On May 12, London Times published an article about Bulgaria titled EU prepares to embrace a land of greed, killing and corruption (author Anthony Browne). You can read it at http://www.timesonline.co.uk/article/0,,13509-2176371,00.html. I originally learned about this from Netinfo in Bulgarian, but the Bulgarian page seems to have expired, at least I can't find it now. Here are some citations from the article:
"NEVENA LUBENOVA was lying on her couch in the small hours when the bomb blew in the front door of her flat, throwing her across the room, knocking down walls and smashing windows over seven storeys of the decrepit Soviet-style block...
The bomb was intended for her son, Vassil Ivanov, a chain-smoking investigative journalist for Nova TV who has exposed corruption in Bulgaria...
Asked whether he thinks the police will catch the perpetrators, he laughs wearily. “No.”
The power of organised crime in Bulgaria is finally beginning to alarm the European Union only seven months before the former communist state and its neighbour, Romania, are due to join.
Since 2001, 150 people have died in daylight killings in Sofia, the capital...But despite the blizzard of contract killings — which cost £30,000 each — no one has been jailed.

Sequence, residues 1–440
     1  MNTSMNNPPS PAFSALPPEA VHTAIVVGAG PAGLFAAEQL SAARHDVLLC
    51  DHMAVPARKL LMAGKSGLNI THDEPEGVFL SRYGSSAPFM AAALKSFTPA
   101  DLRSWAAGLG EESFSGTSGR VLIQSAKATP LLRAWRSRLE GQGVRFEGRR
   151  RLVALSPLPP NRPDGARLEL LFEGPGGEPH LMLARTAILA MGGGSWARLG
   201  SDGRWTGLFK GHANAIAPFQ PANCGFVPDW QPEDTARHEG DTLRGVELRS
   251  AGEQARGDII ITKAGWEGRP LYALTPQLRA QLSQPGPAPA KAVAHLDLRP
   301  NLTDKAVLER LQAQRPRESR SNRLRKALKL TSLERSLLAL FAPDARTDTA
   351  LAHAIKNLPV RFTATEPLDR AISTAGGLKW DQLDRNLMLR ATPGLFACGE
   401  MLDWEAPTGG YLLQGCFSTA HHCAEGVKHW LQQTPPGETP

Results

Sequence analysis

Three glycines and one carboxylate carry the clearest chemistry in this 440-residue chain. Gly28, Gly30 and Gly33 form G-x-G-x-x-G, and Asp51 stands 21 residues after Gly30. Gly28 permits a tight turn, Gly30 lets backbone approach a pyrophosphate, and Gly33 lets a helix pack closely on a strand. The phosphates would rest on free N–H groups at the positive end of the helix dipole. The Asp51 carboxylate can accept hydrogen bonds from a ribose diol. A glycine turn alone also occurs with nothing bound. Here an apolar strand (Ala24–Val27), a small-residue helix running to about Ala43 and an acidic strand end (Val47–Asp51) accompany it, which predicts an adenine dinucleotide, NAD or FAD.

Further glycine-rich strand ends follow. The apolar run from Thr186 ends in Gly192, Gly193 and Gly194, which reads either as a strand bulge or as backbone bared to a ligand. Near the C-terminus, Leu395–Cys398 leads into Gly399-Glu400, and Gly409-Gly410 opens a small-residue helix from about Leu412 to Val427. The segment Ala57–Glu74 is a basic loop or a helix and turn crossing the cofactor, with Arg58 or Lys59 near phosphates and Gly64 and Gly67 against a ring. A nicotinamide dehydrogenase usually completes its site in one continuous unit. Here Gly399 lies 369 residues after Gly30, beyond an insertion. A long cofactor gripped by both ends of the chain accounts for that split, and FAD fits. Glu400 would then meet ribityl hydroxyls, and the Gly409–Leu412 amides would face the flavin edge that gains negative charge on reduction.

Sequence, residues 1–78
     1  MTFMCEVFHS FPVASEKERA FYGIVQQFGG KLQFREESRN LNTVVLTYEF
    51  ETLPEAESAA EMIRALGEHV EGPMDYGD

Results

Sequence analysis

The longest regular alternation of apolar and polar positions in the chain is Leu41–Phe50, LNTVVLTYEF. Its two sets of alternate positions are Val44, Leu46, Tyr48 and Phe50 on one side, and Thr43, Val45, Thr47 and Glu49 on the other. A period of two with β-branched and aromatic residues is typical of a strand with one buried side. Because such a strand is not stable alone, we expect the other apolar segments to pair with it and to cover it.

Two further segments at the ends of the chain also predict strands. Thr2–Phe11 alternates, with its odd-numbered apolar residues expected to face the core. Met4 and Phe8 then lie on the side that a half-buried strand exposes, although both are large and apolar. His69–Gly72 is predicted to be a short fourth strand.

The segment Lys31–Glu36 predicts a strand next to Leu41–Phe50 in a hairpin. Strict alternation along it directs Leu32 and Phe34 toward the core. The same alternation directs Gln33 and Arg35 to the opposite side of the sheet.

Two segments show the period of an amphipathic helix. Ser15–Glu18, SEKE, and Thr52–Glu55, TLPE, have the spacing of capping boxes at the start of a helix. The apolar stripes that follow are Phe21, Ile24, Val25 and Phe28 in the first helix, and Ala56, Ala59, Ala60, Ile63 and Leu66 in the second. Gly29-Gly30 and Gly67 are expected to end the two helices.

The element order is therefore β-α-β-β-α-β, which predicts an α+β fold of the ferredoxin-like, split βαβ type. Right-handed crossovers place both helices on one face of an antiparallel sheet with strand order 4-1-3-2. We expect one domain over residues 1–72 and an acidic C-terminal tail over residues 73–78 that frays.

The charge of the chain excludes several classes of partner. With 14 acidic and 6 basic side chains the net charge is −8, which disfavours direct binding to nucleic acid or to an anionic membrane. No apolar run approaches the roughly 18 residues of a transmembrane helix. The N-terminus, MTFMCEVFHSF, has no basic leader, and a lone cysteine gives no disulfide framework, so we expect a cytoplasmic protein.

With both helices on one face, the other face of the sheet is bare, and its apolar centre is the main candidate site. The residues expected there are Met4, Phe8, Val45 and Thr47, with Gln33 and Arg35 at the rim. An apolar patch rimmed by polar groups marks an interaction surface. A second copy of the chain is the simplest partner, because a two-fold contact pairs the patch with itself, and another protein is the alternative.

The Government is widely suspected of turning a blind eye to organised crime, which holds sway over the country’s political, business and judicial systems...
Corruption is widespread in Bulgaria, a country so poor that donkeys pulling carts still wander around the capital and average incomes in the countryside are £100 a month...
John Menzies, chairman of the Canadian mining firm EurOmax, learnt about organised crime when he upset a Bulgarian rival by winning a licence to prospect for gold.
The rival organised and financed violent protests. EurOmax’s site was occupied and its equipment sabotaged under the eyes of local police. Mr Menzies was told that he would be beaten to death with hammers. “It is an incredibly confrontational society,” he said.
He now warns other international investors to be wary. “This is a risky place for foreign investment. Every foreign investor has had the same experience — it’s universal.”
The Government insists that it is clamping down. Ivailo Kalfin, the Foreign Minister, said: “We do have a problem, but it’s not a problem that makes Bulgaria very different from other EU countries. We are fighting it.”
But Klaus Jensen, a German investigator sent by the EU to assess Bulgaria’s fitness to join, came away shocked at the Government’s complacency, declaring. “They believed they would get into the EU anyway, and I encountered a ‘kiss my ass’ attitude,” he said.
The irony is that EU membership could boost Bulgarian corruption rathen than combat it..."